Sentenced To Life For A Crime Committed At Age 14, Adolfo Davis Seeks Clemency
By Fiza Quraishi
Adolfo Davis was sentenced to life in prison without parole for a crime he committed at age 14. Now, advocates for Adolfo, who has languished in prison for two decades, are pushing Illinois Governor Pat Quinn to grant clemency in his case.
In 1990 Adolfo Davis received a mandatory sentence of life without the possibility of parole after Adolfo was ordered by two older gang members to participate in what he believed would be a non-lethal robbery. The two gang members ended up shooting and killing two people in the robbery. Adolfo, who didn’t shoot anyone, got life without parole solely for participating in the robbery.
On April 12, 2012, Adolfo’s lawyers and supporters – including one of the robbery victims, a pastor who has known him for over 20 years, and a therapist who worked in the prison where Adolfo was held and counseled Adolfo – made a plea for clemency in front of the Illinois Prisoner Review Board. A state representative, a former federal judge, and the Cardinal of Chicago submitted letters in his support. Adolfo seeks a reduction to time served or, at the very least, a set date for his release.
Adolfo grew up in an environment of extreme poverty, violence, and neglect. His mother was addicted to drugs and marginally involved in his life. He lived in a dirty, overcrowded house, raised by a grandmother who was busy caring for a bed-ridden husband, a mentally disabled son, and several grandchildren.
When Adolfo was 8, the Department of Children and Family Services (DCFS) began documenting the poverty and neglect Adolfo had experienced. DCFS noted as well the effects those conditions had on him: self-harming behaviors, difficulty sleeping, bed-wetting, headaches, and nightmares. Still, DCFS failed to intervene effectively.
Prior to the robbery, Adolfo’s record consisted of a few petty offenses; left to fend for himself, he stole food and small amounts of money to pay for food. Because of Illinois’s sentencing scheme, which requires a mandatory sentence of life without parole for murders committed under certain circumstances, the judge in Adolfo’s case was barred from taking into account any mitigating factors during the sentencing phase.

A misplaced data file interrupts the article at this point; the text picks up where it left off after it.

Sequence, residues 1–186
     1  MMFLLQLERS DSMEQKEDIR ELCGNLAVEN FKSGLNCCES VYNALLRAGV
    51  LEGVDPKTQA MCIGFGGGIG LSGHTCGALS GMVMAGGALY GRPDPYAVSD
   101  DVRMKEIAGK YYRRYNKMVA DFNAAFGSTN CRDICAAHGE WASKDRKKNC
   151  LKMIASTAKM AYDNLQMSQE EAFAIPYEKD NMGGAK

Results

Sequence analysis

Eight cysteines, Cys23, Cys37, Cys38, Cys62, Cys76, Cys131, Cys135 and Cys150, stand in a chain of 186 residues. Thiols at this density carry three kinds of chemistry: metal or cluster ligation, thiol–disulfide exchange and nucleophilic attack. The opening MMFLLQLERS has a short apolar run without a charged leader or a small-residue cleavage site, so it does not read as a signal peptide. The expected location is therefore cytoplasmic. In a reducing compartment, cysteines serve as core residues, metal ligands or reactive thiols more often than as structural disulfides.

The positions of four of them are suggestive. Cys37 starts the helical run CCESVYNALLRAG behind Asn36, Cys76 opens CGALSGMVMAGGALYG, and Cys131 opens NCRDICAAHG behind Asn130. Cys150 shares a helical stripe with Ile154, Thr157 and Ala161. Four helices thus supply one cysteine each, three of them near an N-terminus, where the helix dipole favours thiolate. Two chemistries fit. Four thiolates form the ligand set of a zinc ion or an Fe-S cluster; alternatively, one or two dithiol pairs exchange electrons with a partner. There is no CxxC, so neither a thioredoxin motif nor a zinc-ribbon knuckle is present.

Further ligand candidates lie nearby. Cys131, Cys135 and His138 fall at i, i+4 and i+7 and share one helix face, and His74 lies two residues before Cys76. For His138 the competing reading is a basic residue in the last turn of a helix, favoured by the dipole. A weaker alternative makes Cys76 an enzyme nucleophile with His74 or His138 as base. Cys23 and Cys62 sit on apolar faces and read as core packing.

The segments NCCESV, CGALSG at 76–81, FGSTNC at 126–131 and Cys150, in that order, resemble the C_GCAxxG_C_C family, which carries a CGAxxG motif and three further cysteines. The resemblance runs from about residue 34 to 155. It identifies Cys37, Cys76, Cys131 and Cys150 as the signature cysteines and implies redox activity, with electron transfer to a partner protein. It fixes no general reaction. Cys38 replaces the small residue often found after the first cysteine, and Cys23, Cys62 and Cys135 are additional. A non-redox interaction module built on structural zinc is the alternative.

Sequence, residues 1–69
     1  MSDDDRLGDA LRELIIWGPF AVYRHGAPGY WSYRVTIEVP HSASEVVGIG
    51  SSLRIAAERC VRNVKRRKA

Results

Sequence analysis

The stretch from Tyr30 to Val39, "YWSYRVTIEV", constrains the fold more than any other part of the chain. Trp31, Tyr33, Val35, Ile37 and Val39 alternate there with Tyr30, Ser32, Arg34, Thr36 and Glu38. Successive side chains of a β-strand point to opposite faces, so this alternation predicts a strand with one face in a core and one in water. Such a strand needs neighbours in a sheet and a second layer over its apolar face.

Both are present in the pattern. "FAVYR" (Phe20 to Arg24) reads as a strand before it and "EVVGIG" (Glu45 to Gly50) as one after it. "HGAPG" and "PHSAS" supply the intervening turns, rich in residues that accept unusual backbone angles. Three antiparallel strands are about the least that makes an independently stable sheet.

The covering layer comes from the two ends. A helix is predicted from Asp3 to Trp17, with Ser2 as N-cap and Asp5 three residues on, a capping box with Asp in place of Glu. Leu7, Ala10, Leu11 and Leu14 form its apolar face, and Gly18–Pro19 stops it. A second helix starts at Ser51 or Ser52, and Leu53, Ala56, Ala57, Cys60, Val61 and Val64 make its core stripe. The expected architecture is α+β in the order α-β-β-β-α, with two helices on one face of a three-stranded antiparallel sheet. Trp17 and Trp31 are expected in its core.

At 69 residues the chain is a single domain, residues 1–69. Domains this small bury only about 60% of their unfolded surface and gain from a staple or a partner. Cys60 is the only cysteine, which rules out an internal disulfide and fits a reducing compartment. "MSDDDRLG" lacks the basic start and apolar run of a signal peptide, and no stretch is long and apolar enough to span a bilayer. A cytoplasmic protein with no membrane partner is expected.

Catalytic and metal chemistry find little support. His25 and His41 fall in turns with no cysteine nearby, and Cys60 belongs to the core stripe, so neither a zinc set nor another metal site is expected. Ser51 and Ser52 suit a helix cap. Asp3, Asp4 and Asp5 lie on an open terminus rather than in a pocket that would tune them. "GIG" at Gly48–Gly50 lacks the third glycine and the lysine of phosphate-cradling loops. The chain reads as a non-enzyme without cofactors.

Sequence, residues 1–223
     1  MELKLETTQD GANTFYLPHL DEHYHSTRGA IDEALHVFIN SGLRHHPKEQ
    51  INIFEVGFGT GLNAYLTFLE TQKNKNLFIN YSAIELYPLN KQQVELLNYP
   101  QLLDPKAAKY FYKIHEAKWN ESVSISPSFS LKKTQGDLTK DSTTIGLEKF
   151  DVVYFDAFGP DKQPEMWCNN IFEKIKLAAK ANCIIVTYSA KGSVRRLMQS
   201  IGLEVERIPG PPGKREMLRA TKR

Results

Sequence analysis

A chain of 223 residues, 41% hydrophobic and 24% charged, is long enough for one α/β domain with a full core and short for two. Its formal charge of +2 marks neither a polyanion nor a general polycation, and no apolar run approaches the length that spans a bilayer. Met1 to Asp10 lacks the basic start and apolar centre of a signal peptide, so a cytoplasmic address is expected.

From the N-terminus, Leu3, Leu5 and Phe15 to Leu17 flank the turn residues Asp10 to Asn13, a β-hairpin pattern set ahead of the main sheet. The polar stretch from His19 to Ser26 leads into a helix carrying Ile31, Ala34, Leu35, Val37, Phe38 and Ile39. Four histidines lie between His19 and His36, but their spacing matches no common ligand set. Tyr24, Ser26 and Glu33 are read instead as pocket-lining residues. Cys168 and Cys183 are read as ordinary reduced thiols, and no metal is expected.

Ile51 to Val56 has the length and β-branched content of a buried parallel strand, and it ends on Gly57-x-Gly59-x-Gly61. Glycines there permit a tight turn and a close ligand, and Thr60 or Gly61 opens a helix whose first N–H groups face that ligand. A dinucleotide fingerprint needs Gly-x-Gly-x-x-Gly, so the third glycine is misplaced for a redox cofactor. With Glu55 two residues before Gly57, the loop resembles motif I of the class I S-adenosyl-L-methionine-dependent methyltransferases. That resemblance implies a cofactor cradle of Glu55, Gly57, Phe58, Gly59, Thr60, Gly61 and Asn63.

Now 35, Adolfo has spent more than 20 years in prison. He’s a very different person than that confused 14-year-old. Though he was just a child and had little choice but to follow his gang leaders’ orders, Adolfo feels remorse and accepts full responsibility for making the decision to participate in a crime in which two people lost their lives.
Adolfo has completed his GED and written a book of poetry. He also mentors youth through Precious Blood Ministries, trying to help them avoid the same mistakes he made. “The Governor should act now, and not wait for the courts and years of litigation to give Adolfo relief,” says Patricia Soung, supervising attorney for Adolfo’s defense team and former NCYL staff attorney. “Adolfo has already approached court after court for two decades without success. He assumes responsibility for the part he played in a tragic shooting, but it remains true that he was very young, desperately needed sustenance and support, and played a more minor role in his offense. Over the past 20 years, he has proven himself repentant, matured, and safe for release.”
Adolfo is one of 79 people nationwide who have received life without parole sentences for crimes committed when they were 14 or younger. In March 2012, the US Supreme Court heard oral arguments in Jackson v. Hobbs and Miller v. Alabama, two cases that have challenged the constitutionality of sentencing juveniles convicted of homicide to life without parole. The facts in Hobbs are very similar to those in Adolfo’s case: Hobbs received a mandatory life without parole sentence for a murder that occurred when he was 14, despite the fact that Hobbs did not kill anyone and had no intention of doing so.
A favorable decision in Jackson and Miller gave Adolfo’s legal team another way of challenging his sentence. Meanwhile, the decision on clemency is left to Governor Quinn.
Fiza Quraishi is a staff attorney at NCYL, working on juvenile justice issues.